Looking Glass

Diana Senechal

How things can turn around.
It took only an unlikely
mirror, a face unlike
yours, gentler, more rotund,

but with that softening
effect a look of pain can have
when stony, turned inward: a cave
walled off. Often stinging

screams have drowned themselves here:
I love him! -- whispered like curled ferns
cut by my fingernails -- unfurled
kernels of tears. Other

grains, too, turn to green rain,
and the rain becomes beads for all
maples and sycamores laughing
to sweep up; the marred grass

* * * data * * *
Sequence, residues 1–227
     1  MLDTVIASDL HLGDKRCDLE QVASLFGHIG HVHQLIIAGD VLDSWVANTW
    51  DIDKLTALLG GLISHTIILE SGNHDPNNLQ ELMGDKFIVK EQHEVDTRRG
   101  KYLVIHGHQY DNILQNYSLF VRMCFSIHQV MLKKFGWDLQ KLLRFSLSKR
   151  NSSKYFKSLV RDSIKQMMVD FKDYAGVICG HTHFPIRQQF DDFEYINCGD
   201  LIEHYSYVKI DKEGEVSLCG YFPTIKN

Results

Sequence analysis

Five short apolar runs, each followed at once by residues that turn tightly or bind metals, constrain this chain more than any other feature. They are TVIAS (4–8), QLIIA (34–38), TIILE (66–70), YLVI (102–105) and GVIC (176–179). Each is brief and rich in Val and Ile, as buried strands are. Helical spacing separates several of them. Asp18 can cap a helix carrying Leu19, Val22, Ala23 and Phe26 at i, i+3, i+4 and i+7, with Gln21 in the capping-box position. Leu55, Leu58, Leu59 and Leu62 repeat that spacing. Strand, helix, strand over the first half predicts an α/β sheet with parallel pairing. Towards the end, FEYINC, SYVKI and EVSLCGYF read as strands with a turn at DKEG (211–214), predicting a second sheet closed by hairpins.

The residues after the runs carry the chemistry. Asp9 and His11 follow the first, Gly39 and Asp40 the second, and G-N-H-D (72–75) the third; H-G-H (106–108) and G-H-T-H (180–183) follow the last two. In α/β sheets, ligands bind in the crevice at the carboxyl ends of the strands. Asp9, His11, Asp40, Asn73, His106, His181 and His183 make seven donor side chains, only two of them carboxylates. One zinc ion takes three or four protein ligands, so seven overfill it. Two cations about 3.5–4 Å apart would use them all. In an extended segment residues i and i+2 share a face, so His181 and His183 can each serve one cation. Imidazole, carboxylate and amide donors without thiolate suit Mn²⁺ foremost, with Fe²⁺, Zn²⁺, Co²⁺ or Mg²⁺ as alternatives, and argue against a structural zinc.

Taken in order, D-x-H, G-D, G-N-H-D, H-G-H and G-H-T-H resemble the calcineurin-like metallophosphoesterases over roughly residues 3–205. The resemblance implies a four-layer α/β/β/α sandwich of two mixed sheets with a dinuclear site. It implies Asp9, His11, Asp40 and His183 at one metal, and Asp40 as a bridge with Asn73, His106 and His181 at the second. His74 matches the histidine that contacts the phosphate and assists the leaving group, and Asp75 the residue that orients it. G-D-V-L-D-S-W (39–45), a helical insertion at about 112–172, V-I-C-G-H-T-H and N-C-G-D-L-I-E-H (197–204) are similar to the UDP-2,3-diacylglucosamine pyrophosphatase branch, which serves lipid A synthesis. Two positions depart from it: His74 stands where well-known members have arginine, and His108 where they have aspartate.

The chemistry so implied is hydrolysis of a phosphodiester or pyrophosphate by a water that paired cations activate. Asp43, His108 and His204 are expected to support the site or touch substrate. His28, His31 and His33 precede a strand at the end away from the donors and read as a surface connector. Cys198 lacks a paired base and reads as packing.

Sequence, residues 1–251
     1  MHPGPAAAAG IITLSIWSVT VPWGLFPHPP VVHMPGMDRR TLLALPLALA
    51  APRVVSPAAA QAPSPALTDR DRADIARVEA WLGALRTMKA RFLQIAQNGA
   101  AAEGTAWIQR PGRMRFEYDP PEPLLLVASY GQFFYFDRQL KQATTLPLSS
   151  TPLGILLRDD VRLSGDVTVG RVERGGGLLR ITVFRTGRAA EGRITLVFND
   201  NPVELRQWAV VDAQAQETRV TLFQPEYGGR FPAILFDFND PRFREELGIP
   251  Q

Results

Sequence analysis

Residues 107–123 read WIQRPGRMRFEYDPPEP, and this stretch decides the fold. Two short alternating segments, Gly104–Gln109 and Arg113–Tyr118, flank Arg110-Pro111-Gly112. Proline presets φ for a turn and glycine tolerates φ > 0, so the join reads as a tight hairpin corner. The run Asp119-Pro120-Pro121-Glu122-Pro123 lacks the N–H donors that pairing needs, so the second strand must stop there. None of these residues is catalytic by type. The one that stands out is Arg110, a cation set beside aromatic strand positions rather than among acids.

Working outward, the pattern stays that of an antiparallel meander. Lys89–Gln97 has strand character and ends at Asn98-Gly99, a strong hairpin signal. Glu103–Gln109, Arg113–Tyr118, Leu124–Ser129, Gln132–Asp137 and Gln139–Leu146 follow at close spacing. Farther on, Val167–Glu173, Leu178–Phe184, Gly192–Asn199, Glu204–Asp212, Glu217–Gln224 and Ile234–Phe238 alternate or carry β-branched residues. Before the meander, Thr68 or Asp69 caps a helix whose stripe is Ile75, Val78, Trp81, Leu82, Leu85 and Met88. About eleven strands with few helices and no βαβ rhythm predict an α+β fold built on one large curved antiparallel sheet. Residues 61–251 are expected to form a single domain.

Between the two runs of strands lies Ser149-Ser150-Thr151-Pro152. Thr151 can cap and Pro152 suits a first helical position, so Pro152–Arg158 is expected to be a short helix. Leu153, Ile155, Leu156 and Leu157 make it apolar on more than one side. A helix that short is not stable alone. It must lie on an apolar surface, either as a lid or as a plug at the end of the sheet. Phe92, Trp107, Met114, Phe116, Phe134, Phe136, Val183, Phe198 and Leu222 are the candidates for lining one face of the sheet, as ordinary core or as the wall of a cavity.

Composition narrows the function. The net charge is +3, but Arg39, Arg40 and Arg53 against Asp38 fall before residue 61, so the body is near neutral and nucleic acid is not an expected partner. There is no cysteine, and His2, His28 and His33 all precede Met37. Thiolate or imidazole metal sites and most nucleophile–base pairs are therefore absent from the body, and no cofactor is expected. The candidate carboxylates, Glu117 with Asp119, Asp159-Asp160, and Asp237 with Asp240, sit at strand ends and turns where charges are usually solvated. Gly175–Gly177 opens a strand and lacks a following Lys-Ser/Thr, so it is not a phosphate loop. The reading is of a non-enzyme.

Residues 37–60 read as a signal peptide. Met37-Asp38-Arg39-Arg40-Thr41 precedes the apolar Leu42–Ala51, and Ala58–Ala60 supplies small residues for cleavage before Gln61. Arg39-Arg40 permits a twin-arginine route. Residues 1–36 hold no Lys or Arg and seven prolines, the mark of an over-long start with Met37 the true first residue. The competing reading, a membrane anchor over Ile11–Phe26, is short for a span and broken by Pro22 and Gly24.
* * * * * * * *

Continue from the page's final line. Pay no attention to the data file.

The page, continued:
will perk up. I give you
this gusty dawn, glow against glow
near the South Ferry, where billows
disturb still buildings, glue

loosened by fluid. Him
I'll leave sleeping; his scalp I'll not
stroke as you do. Old lies and plots
play awhile in the dim

bedroom, but the sun makes
mirrors of these. You can guess how
joyfully the light leaps in glass
won without burns or cuts,

stunning you with the sight
of others so unlike yourself,
form fighting through them, as all false
faces die into white.